Saugus USD To Launch Student Writing Collaboration Project
Saugus Union School District in Santa Clarita, CA is launching a new writing program for its fourth-grade students that couples writing and science using ultra-mobile devices and collaborative learning software, among other technologies. According to information supplied to us by the district, the initiative is being funded through a $1.4 million EETT competitive grant the district recently won.
The initiative, dubbed "Student Writing Achievement Through Technology Enhanced Collaboration" (SWATTEC), focuses on writing achievement within the science curriculum. EETT funding will provide access to Asus wireless ultra-mobile devices (UMDs) for all 1,700 fourth-grade students in the district, Web-based writing tools, and an online collaborative learning environment. It will also provide teachers with laptops, projectors, printers, interactive pads, mobile carts, and wireless hardware. Teachers are also receiving professional development for the initiative.
Although there is a 1:1 component built into the SWATTEC initiative, Jim Klein, director of Information Services & Technology for Saugus USD, told us that the emphasis is not just on throwing technology at the students, but on using these tools as a means to an end.
"While the project might look like a vanilla 1:1 project, 1:1 is not our primary goal," Klein said. "The center of the project is writing and collaboration using social media technologies; the devices are just tools that will get us there. Ultimately we want the technology part of it to be completely transparent--to be at once invisible and indispensable."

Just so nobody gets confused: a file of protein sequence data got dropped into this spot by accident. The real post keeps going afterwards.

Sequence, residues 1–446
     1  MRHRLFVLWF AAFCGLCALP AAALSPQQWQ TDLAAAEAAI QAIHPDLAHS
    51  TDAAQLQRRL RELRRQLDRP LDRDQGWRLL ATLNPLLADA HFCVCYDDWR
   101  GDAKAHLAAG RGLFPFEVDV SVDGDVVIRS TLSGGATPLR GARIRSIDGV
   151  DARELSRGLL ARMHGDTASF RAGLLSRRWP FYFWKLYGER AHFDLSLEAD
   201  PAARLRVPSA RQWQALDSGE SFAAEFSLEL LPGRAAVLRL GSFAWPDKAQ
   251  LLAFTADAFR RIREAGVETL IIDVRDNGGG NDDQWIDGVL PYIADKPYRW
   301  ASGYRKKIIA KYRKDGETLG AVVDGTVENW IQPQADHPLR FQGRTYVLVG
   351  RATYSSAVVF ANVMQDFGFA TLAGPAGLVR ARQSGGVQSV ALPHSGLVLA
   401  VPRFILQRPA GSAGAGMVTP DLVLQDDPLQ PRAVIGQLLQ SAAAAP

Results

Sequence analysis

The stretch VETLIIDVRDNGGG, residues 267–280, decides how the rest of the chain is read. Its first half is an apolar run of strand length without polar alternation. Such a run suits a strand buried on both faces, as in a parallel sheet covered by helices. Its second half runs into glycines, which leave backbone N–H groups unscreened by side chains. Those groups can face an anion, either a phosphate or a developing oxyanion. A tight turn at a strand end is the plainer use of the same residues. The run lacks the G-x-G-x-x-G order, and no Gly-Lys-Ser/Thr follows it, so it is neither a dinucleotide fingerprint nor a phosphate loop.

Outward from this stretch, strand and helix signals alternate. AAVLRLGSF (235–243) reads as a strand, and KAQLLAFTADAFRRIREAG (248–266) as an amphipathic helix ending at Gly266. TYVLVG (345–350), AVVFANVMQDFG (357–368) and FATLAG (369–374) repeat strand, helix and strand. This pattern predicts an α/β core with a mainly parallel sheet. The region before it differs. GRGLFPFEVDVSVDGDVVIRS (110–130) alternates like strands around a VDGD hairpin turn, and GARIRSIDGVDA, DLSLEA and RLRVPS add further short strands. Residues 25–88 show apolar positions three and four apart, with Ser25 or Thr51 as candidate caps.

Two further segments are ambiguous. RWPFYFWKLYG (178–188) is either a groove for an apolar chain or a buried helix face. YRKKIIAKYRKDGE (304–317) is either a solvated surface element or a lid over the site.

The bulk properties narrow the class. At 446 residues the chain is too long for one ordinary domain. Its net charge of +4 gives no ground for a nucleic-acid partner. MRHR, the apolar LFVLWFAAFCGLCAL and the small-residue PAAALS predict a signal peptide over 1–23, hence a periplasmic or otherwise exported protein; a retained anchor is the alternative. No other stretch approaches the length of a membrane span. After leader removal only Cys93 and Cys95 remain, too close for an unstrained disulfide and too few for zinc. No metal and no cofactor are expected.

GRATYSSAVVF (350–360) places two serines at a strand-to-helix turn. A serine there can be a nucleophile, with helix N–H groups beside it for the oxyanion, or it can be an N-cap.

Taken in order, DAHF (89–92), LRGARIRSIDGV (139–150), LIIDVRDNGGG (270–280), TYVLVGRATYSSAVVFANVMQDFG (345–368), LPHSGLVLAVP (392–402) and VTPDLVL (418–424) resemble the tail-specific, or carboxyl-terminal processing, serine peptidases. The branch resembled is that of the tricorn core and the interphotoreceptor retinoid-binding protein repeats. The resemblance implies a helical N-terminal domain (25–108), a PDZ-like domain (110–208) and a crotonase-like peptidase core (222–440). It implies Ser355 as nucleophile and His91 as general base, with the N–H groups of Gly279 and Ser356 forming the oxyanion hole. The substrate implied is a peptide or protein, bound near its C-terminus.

According to information released by the district, the program will be supported by staff development and teacher professional development, along with ongoing evaluations. "Technology integration is key to the success of this project, and successful technology integration requires solid training and implementation support. Through partnerships with the California Technology Assistance Project (CTAP), Vantage Learning Inc., and Digital Edge Learning, extensive professional development will be provided for 53 fourth grade teachers, 15 coach/mentors, and school and project administrators."
The district also added that the initiative has not come about on a whim, but has been carefully conceived and "backed by tremendous research...." Klein told us that each component of the project has been selected with specific characteristics in mind, including ease of use, durability, accessibility, and, of course, educational value.
"The Web 2.0 technologies at the heart of the project are both easy to use and ubiquitously accessible, which we believe removes complexity, breaks down barriers, and extends the classroom beyond its four walls," he said. "The UMDs (Asus EeePCs) are far less expensive and more durable than traditional laptops, which we expect will extend their usable life in the hands of elementary school students. Their Linux-based user interface is ideal for practical student use and will free our teachers from having to teach/support complex operating systems, allowing them to focus instead on tasks and goals."
He continued: "Much of the included software is inherently social in nature, which will enable our students, teachers, and parents to build a sense of community and connectedness, furthering our goals of communication, collaboration, and global awareness. This is really a 21st century learning project, and we are looking forward to sharing many exciting discoveries as it unfolds.
Planning and implementation phases for the SWATTEC initiative begin this month. Further information about the program, including goals, timelines, and additional details, can be found on Klein's blog here.
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About the author:David Nagel is the executive editor for 1105 Media's online education technology publications, including THE Journal and Campus Technology. He can be reached at [email protected].
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